Frances Fanny Edgeworth

Frances Fanny Edgeworth

Frances Maria Edgeworth. Her name may sound familiar to enthusiasts of early nineteenth century literature and to those of our followers who reside in Longford. She was indeed the sister of famed novelist Maria Edgeworth, a contemporary of Jane Austen and author of such novels as Belinda and Patronage.
Frances was the daughter of Richard Edgeworth (1744 – 1818) and Frances Anne Edgeworth (neé Beaufort). Frances Anne was Richard’s fourth wife.
Richard was one of the original members of the Royal Irish Academy. He was also a pioneer in new methods of education, pioneering these practises in the education of his 22 children. Richard and Maria’s interest in education resulted in a number of publications, the first Practical Education (1780), followed in 1808 by Professional Education, which bore his name but was written largely by Maria. Richard was an advocate of Catholic Emancipation and a resident landlord, who used his engineering knowledge to improve the lands his tenants worked.

Fanny Edgeworth-Castletown House and Parklands

Frances was the seventeenth child out of the 22. Her mother, Frances Anne Beaufort was a botanical artist and met Richard when she created some illustrations for Maria Edgeworth’s children’s book ‘The Parent’s Assistant’.
Frances Anne was one year older than Maria and the two became close friends. When Frances, or Fanny as she came to be known by her family, was born on June 5th, 1799, Maria wrote joyfully of her birth:

‘At nine minutes before six this evening, to my great joy, my little sister Fanny came into the world.’

Maria and Fanny spent much time together, Fanny accompanied Maria on many of her journeys to Europe.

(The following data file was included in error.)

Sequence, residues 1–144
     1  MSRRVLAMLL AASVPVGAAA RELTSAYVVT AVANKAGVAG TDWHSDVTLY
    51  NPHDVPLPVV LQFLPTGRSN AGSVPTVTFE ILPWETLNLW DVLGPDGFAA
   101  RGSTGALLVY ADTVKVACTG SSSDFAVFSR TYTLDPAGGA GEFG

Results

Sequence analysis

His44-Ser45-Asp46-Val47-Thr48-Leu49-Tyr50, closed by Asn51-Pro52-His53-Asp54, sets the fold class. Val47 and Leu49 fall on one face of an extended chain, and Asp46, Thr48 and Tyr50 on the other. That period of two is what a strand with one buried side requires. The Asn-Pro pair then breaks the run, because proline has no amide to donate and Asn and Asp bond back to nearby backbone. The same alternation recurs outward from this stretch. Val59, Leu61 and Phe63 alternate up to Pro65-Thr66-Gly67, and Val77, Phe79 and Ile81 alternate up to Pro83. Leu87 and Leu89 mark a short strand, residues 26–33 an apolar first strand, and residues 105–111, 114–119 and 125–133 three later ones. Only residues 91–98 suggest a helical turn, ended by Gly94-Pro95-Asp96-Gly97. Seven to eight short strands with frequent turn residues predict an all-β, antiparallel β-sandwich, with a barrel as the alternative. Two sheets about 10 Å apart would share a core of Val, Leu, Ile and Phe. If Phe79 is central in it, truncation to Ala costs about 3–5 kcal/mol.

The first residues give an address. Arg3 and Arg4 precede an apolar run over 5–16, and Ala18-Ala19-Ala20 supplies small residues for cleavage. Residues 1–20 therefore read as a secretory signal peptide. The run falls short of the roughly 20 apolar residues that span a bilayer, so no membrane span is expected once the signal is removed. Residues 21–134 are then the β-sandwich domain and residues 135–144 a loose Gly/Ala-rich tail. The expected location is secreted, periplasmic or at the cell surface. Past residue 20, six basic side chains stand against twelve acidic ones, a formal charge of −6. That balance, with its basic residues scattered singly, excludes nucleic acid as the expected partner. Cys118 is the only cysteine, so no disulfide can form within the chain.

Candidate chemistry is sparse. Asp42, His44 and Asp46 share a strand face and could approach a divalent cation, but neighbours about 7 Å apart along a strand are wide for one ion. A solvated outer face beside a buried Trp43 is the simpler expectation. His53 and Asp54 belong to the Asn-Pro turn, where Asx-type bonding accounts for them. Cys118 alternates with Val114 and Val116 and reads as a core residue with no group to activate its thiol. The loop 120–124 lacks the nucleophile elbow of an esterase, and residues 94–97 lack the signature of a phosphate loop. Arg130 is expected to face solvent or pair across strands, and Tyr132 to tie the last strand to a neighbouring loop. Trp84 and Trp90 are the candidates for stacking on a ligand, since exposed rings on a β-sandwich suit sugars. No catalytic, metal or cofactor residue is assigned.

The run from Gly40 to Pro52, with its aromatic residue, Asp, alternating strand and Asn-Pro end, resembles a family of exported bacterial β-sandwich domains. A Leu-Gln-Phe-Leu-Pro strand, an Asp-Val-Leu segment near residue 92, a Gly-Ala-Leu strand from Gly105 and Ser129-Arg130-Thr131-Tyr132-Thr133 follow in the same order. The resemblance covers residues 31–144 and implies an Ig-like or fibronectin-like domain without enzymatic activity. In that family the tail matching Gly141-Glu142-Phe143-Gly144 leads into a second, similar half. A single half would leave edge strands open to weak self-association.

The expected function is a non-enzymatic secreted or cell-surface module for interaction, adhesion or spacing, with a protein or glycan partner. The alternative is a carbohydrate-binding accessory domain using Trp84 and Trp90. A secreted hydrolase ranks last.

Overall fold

She was described by Lady Stafford as having:

‘a most intelligent countenance; she is much more than pretty ; and what I so like is her manner of answering when she is asked any question —so unlike the Missy style. She has been admirably well educated’.

This education had no doubt been provided by Maria herself, who records spending much time in the little girls company.

In 1829, Frances married Lestock Peach Wilson, a captain for the East India Company. Maria wrote of the marriage:

‘Fanny Edgeworth is now Fanny Wilson; I can hardly believe it! She is gone! I feel it, and long must feel it, with anguish, selfish anguish. But she will be happy – of that I have the most firm, delightful conviction; and therefore all that I cannot help now feeling is, I know, only surface feeling, and will soon pass away. The more I have seen and known of Lestock, the more I like him and love him, and am convinced I shall always love him, whose every word and look bears the stamp and value of sincerity.’

Frances and Lestock lived at no. 1 North Audley Street in London. Lestock was elected sub-Governor of London Assurance on 23 April 1845, a company providing marine insurance, eventually becoming a subsidiary of the Sun Alliance in 1965.
Frances died at the home of her uncle, Rear Admiral Beaufort on April 4th, 1848.